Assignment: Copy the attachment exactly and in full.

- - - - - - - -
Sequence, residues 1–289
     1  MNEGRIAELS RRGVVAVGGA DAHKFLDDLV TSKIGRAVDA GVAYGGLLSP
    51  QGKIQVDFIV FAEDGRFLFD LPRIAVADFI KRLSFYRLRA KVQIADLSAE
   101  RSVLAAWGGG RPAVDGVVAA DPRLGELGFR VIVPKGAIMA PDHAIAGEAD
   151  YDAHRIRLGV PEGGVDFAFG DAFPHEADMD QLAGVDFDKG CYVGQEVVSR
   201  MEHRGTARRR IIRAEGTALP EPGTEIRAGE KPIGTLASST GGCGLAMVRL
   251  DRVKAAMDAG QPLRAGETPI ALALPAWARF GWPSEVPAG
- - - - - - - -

Sequence, residues 1–289
     1  MNEGRIAELS RRGVVAVGGA DAHKFLDDLV TSKIGRAVDA GVAYGGLLSP
    51  QGKIQVDFIV FAEDGRFLFD LPRIAVADFI KRLSFYRLRA KVQIADLSAE
   101  RSVLAAWGGG RPAVDGVVAA DPRLGELGFR VIVPKGAIMA PDHAIAGEAD
   151  YDAHRIRLGV PEGGVDFAFG DAFPHEADMD QLAGVDFDKG CYVGQEVVSR
   201  MEHRGTARRR IIRAEGTALP EPGTEIRAGE KPIGTLASST GGCGLAMVRL
   251  DRVKAAMDAG QPLRAGETPI ALALPAWARF GWPSEVPAG